Starring Vincent Price, Patti Negri, Cooper Steve Anderson, David Zyler
Directed by James I. Nicholson, David Steensland
Distributed by Severin Films
In today’s film industry, thanks to current technology, making a movie is easier than ever – a blessing and a curse. Audiences have dozens of titles hitting a multitude of platforms each week, making it harder for filmgoers to keep their finger on the pulse of the market. Back in the good ol’ days of video store glory it was much simpler: either a title hit VHS after theatrical release, or it premiered directly to the format. It would be ignorant to say filmmaking was more D.I.Y. back then, but without the benefits (i.e. ease) that come with technology making a movie was no simplistic task. And “fix it in post” wasn’t such a common phrase because digital advancements weren’t there yet. This is why I have a soft spot for DTV horror, especially if it originated during my Wherehouse-roaming heydays. A bad film is a bad film, but a bad film that was clearly made with reverence for the craft is like a warm, tattered blanket – it might not be much to look at, but there is a certain comfort and charm to be appreciated.
Dark Harvest (1992) is a film that debuted to the format on which it was shot: video. Made on a shoestring budget, this is an example of passion being poured into a product because based on the location, acting, set design, and creature FX no one was ever going to be getting rich – or famous – off this thing. It’s the sort of film that would have been easy to dismiss or outright hate when it came out but now, with the rosy tint of nostalgia fully engaged, I found myself appreciating the lo-fi atmosphere more than ever – despite an avalanche of evident shortcomings.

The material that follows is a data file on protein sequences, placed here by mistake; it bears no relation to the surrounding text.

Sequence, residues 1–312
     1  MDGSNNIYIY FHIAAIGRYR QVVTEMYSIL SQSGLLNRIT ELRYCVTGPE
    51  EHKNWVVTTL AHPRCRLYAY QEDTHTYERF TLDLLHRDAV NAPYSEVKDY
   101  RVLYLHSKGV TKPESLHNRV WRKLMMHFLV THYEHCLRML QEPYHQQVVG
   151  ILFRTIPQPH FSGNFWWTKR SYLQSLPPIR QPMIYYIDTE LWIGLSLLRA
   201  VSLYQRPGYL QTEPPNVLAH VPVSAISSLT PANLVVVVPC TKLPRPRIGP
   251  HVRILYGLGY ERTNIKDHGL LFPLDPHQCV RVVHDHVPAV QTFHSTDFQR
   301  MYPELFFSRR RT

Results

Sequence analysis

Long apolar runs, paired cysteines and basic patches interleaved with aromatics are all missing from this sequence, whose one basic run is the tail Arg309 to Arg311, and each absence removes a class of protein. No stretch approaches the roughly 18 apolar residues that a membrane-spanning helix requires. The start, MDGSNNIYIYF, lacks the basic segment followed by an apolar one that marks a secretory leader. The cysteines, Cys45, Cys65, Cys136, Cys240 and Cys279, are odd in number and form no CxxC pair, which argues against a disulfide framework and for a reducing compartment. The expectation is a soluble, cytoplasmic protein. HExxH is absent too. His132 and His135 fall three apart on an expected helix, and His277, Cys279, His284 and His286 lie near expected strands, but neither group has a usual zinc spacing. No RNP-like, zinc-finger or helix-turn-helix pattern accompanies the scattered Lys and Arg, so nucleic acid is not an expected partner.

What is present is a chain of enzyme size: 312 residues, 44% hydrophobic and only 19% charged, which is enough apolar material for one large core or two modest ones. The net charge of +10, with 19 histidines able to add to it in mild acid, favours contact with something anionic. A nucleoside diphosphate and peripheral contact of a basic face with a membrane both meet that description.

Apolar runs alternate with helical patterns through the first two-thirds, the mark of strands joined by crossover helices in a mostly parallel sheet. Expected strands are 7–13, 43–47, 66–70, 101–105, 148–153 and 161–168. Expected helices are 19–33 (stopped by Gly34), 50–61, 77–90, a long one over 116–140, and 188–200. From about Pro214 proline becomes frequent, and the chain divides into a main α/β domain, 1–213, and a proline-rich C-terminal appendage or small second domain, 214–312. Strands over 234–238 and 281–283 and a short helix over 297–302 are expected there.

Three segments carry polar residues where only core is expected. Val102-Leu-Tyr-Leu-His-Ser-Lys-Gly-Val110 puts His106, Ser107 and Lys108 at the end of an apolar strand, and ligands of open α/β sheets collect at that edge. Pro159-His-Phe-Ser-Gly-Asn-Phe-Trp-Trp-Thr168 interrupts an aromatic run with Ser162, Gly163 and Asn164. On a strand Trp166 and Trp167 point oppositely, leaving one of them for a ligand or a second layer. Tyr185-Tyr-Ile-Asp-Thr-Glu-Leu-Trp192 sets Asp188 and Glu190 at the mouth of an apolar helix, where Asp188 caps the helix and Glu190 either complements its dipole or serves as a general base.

After the standard horror opening, wherein a couple lost in the desert is killed by a strange scarecrow, we’re introduced to a group of twenty-somethings getting ready to head out into the heat for a hiking trek. Their van is unreliable and not long after setting out the fuel pump seizes, leaving the group stranded in the middle of nowhere. Not having the option of calling AAA or texting a friend for help, everyone decides to set out on foot a little earlier than expected, hoping to come across help along the way. Eventually they stop at a seemingly abandoned home and meet a crazy shotgun-wielding dude, who warns them his family is “all dead” and cautions them to be careful. They quickly leave. As they continue to hike under the blazing sun suddenly a scarecrow is spotted, hanging by his lonesome and looking awfully suspect.
The group settles in for the night, building a roaring fire around which Alex (Cooper Steve Anderson) regales them with an epic tale of “bodacious babes”. He’s the “m’lady” type who would’ve made a glorious mod on some white-knight subreddit. The next day the group is splintered as couples and singles begin to wander off on their own. Two of the girls come across a pair of redneck twin brothers, who do the expected and try to rape them. The rest have their own problems, though, as the scarecrows begin to appear and slash their way through our hapless hikers. Unbeknownst to all, they managed to stumble upon an old Indian burial ground… and you know how those things go when it comes to horror.